Blue Meadow Farm, 3301 Holmes Ranch Rd, Philo  95466   895-2071

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A Superior Court jury returned from deliberations Tuesday afternoon with a not guilty verdict in favor of Jared Robert Hundley, age 35, of Ukiah. Hundley was charged with willfully failing to appear in court after being ordered to appear on a date and at a time certain, a misdemeanor. The facts that Hundley, though living in Ukiah, had been ordered to appear, failed to appear as ordered, and then had to be arrested by law enforcement on a warrant did not persuade this jury that the failure to appear was "willful." The law presumes a failure to appear is willful if a defendant fails to appear as ordered and then does not arrange — personally or through his or her attorney — to get back on the court's calendar within 14 calendar days. In this case, Hundley was in fugitive status for 128 days. However, the defendant did testify that his vehicle had broken down on the day that he was suppose to be in court. The attorney who prosecuted this matter was Deputy District Attorney Adam Seraphin. The judge who presided over the short trial was retired Mendocino County Superior Court Judge Rick Henderson.

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Ukiah paralegal champions those facing eviction, unfair landlords

Karen Hansell doesn’t work in a mirrored high-rise or pace courtroom floors, delivering lawyerly speeches.

The Ukiah paralegal keeps a humble home office. She does her best work in clients’ living rooms, documents spread across floors.

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Upcoming free CERT classes - Summer and Fall 2017

Emergencies occur in our communities, neighborhoods and workplaces every day. A large scale disaster (such as an earthquake) will quickly overwhelm local professional responders – especially in our rural Mendocino communities. This summer, wildfires have threatened several local areas. It’s important for us all to be prepared for the “next disaster”.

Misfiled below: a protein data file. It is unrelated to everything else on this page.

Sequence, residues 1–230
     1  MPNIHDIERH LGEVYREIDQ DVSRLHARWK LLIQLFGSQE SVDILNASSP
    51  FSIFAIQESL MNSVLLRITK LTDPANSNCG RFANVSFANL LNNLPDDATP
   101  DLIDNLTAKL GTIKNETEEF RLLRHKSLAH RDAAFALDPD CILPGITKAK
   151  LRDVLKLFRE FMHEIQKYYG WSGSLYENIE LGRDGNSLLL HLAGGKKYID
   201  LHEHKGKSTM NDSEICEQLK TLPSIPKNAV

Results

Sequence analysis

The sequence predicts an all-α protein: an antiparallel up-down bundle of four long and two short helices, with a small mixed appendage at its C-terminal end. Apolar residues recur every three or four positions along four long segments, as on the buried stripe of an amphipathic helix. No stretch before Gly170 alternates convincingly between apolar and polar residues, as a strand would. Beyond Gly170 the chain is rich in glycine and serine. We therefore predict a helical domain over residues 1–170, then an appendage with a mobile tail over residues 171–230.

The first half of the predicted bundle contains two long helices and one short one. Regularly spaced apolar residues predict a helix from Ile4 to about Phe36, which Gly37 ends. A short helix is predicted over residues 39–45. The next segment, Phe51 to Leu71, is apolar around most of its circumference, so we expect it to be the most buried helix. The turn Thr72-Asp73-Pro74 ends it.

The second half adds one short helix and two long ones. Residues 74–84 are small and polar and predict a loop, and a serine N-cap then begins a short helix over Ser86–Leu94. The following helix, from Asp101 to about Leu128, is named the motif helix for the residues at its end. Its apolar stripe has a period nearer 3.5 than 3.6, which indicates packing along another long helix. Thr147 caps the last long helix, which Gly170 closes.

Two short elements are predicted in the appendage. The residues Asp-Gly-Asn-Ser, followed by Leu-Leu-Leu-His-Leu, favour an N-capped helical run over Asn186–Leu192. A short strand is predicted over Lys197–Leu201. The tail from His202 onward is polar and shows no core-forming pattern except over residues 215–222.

The County of Mendocino, in partnership with NCO Volunteer Network, is offering free, local CERT (Community Emergency Response Team) trainings this summer and fall. These free trainings include disaster preparedness, survival skills, team work, fire safety and suppression (putting out a controlled fire with a fire extinguisher), basic disaster medical operations (triage and first aid) and light search and rescue operations. Community members learn how to take care of themselves in a disaster and how to help their family and community.

The 21 hour CERT training takes place over the course of three Saturdays. Participants can take the training to become part of a local CERT team, to become personally prepared or as part of a community or workplace group.

Local CERT trainer, Mike Carter adds “In our more remote areas, there will be a longer wait for assistance, especially in a disaster that involves a large geographic area, including more populated cities. The more trained and prepared the citizenry is, the better they will fare in a disaster”. Mr. Carter encourages community members to join in one of the upcoming trainings in Mendocino County:

Boonville - August 12, 19 and 26th - Anderson Valley Fire Department

Gualala – September 9, 16, 23 – location TBD

Covelo – October 14, 21, 28 – Covelo Volunteer Fire Department

The Volunteer Network is a program of North Coast Opportunities. For more information please call 462-1959 or visit our website at or the CERT website

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(Click to enlarge)

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Partial list of LAKESIDE TALKS Bohemian Grove Encampment, July, 2017

Mary Moore, Bohemian Grove Action Network 707 874 2248

Bohemian Grove Action Network began protests at the Bohemian Grove summer encampment in Sonoma County back in 1980. Our point was to expose this very secret annual gathering whose members include the elite of the Corporate, Financial, Military and Government circles that create policy for this country. Every Republican president since Calvin Coolidge (except for Donald Trump) has been a member of the Bohemian Club based in San Francisco. Our goal was to show how a small group of men (no women are allowed membership) have outsized influence that effect us all. In 1942 the Clubhouse at Bohemian Grove was the site for the initial meeting that led to the Manhattan Project and the Atomic Bomb.